Quill finds his father, Ego, a super being that starts out looking like a benevolent man with Quill’s best interests at heart, but we soon learn that there is an agenda because Ego cannot spread his influence through the universe unless he has a partner with the same powers he has. He begins teaching Quill how to use his powers, but Quill is dedicated to protecting the galaxy, not dominating it. Ego quickly turns on Quill as a result illustrating that any man can father a child, but that doesn’t necessarily make him a dad. Yondu, the being that raised Quill and kept him from being used, or killed, by ego points this out when he says, “He may have been your father Quill, but he wasn’t your daddy.” Yondu punctuates this when he is given a rocket pack and an environmental field just before he rescues Quill from the explosion that destroys Ego. Yondu uses the rocket pack to carry Quill to safety, but puts the protective field on Quill to survive exposure to space. Yondu makes the ultimate sacrifice, giving his own life for his adoptive son. I was very saddened to see Yondu die just as his character was being developed so well. Yeah, I know that the character development was a trope that happens all the time in movies where we, the audience, are set up for such emotional moments, but I am a sucker for this particular trope. At any rate, I found myself both weeping and laughing at the same time when Quill delivers his eulogy for Yondu:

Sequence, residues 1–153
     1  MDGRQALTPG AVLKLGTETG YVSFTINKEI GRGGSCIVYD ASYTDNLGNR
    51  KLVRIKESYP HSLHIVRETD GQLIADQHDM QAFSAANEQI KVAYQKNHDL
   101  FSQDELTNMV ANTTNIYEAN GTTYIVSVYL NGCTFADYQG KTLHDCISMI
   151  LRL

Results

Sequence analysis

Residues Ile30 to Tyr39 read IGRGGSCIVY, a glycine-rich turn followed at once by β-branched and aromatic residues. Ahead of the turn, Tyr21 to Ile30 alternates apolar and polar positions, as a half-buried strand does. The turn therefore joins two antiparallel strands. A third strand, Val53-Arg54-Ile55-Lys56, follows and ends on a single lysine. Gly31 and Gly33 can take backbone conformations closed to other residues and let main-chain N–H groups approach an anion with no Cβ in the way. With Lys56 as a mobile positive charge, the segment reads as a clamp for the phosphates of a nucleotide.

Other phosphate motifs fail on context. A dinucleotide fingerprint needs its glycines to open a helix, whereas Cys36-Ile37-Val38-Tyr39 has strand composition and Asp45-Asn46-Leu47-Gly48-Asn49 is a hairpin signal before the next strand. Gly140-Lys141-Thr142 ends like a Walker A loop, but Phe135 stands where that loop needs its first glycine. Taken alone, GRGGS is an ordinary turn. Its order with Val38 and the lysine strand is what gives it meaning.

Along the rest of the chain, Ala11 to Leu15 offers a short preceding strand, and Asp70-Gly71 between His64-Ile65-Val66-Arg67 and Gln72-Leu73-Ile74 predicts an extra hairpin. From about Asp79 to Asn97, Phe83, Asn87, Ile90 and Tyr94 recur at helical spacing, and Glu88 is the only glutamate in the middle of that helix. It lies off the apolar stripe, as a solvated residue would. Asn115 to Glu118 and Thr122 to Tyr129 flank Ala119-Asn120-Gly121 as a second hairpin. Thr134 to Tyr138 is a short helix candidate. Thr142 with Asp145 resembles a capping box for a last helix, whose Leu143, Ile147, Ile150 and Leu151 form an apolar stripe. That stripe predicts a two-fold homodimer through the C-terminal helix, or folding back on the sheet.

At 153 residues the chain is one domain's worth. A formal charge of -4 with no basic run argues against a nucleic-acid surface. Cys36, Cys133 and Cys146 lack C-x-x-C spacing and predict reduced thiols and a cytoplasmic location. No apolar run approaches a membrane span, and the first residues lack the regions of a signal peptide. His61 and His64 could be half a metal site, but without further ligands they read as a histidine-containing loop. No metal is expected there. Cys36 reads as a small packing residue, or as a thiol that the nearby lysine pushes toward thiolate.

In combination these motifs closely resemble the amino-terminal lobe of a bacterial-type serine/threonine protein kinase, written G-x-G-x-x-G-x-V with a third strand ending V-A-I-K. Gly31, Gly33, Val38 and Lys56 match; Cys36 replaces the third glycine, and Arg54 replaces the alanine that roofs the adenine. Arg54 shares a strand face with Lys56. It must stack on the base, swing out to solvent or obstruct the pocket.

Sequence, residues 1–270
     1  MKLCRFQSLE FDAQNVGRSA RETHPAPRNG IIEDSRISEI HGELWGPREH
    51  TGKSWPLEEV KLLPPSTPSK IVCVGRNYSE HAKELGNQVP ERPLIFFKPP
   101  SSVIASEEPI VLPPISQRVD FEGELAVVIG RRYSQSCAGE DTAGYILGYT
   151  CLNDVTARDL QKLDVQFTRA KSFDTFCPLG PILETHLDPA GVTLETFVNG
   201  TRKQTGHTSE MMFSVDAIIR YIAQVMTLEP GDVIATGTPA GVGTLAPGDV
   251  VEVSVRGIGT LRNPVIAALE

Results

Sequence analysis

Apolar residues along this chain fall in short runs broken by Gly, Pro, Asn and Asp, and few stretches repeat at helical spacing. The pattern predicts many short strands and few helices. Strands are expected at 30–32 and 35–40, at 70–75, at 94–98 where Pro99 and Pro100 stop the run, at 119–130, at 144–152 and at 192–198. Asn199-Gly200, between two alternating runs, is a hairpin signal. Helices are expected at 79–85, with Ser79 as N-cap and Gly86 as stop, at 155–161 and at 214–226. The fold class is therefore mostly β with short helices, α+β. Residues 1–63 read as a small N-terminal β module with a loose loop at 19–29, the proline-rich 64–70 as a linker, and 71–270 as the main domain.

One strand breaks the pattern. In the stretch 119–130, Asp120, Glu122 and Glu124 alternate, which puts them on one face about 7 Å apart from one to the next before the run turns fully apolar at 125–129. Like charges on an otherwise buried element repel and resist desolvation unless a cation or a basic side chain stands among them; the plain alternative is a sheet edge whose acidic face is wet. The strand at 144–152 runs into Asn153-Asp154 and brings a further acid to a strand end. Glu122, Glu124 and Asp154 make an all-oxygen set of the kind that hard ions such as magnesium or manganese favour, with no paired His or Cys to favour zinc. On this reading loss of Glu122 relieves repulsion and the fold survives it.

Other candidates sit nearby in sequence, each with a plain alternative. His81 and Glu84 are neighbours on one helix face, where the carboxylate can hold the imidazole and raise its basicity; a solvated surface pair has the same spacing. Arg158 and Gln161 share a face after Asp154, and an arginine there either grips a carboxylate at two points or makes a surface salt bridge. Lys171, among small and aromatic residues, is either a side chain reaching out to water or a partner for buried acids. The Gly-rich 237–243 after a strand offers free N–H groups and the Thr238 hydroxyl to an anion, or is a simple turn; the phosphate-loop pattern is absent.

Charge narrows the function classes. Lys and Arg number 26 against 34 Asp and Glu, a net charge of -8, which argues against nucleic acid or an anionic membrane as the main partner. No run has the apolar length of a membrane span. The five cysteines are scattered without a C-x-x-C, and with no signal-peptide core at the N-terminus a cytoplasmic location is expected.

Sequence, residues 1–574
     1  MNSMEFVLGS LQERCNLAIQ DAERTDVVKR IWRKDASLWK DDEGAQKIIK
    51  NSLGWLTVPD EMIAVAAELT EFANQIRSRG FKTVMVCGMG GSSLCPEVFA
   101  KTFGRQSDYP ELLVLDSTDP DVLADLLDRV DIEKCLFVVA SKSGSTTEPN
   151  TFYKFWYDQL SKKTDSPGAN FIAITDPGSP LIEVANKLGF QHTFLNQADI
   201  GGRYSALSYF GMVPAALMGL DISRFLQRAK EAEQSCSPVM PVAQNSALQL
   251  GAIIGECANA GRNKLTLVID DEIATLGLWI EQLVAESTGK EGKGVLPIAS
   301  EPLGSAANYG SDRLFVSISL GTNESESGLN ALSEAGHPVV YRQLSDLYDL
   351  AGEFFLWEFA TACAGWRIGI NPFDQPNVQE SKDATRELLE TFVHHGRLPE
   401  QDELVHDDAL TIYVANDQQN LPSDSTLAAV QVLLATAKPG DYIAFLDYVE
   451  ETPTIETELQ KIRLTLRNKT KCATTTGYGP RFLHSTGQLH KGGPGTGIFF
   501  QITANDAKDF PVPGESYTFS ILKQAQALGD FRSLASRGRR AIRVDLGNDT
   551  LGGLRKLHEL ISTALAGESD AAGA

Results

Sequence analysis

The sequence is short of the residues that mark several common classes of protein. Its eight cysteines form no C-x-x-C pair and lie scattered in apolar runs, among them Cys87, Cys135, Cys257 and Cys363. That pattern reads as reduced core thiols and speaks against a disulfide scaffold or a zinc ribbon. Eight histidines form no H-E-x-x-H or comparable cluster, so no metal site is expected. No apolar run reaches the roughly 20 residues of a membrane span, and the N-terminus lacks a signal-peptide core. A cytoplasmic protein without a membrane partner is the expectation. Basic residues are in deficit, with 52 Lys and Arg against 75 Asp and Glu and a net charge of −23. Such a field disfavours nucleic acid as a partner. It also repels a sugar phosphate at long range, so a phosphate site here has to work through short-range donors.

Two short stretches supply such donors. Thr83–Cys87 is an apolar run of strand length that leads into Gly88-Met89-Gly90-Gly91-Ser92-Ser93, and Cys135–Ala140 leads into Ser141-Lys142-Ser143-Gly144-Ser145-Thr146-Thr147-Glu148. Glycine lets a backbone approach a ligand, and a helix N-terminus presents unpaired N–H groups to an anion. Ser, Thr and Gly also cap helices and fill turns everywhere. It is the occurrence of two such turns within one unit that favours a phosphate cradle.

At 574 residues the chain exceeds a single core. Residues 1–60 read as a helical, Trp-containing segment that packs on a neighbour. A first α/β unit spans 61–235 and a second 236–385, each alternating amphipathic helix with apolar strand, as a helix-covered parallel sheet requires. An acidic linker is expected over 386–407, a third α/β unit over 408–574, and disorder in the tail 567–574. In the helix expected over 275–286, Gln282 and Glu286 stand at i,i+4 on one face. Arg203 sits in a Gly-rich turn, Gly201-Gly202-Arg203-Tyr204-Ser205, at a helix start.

“I told Gamora how when I was a kid I used to pretend David Hasselhoff was my dad. He's a singer and actor from earth, really famous guy. Yondu didn't have a talking car, but he did have a flying arrow. He didn't have a beautiful voice of an angel, but he did have the whistle of one. Both Yondu and David Hasselhoff went on kick-ass adventures and hooked up with hot women, and fought robots. I guess David Hasselhoff did kinda end up being my dad after all, only it was you, Yondu. I had a pretty cool dad. What I'm trying to say here is... sometimes, that thing you're searching for your whole life is right there by your side all along, and you don't even know it.”
Another example of the family theme was demonstrated in the Nebula/Gamora relationship. Thanos pitted the sisters against one another, most likely hoping that they would, at best, tie in combat, but when Gamora lost, Thanos would try to improve Nebula to make her more like Gamora. How many times has one seen this trope in film? “Why can’t you be more like…?” which only causes a rivalry between siblings and causes one to believe to get their parent’s approval, they have to live up to the other sibling. Nebula explains it this way:
“As a child, my father would have Gamora and me battle one another in training. Everytime, my sister prevailed. My father would replace a piece of me with machinery, claiming he wanted me to be "her equal." But she won. Again, and again, and again, never once refraining.”
Later, Nebula confronts Gamora and explains her point of view that leads to a reconciliation between the two:
“You're the one who wanted to win, but I just wanted a sister. You were all I had, but you just needed to win. Thanos pulled my eye from my head. He tore my brain from my skull, and my arm from my body... because of you!”
Parents can really mess their kids up if they are bent on galactic domination.
Whether or not a message was intended, Guardians of the Galaxy Vol. 2 is a great fun romp and a very entertaining, funny and well paced film that will have you laughing and crying both at the same time. What a great way to kick off a summer that promises to be filled with genre blockbusters.
Well, there it is…
Edited by Benjamin Arrowood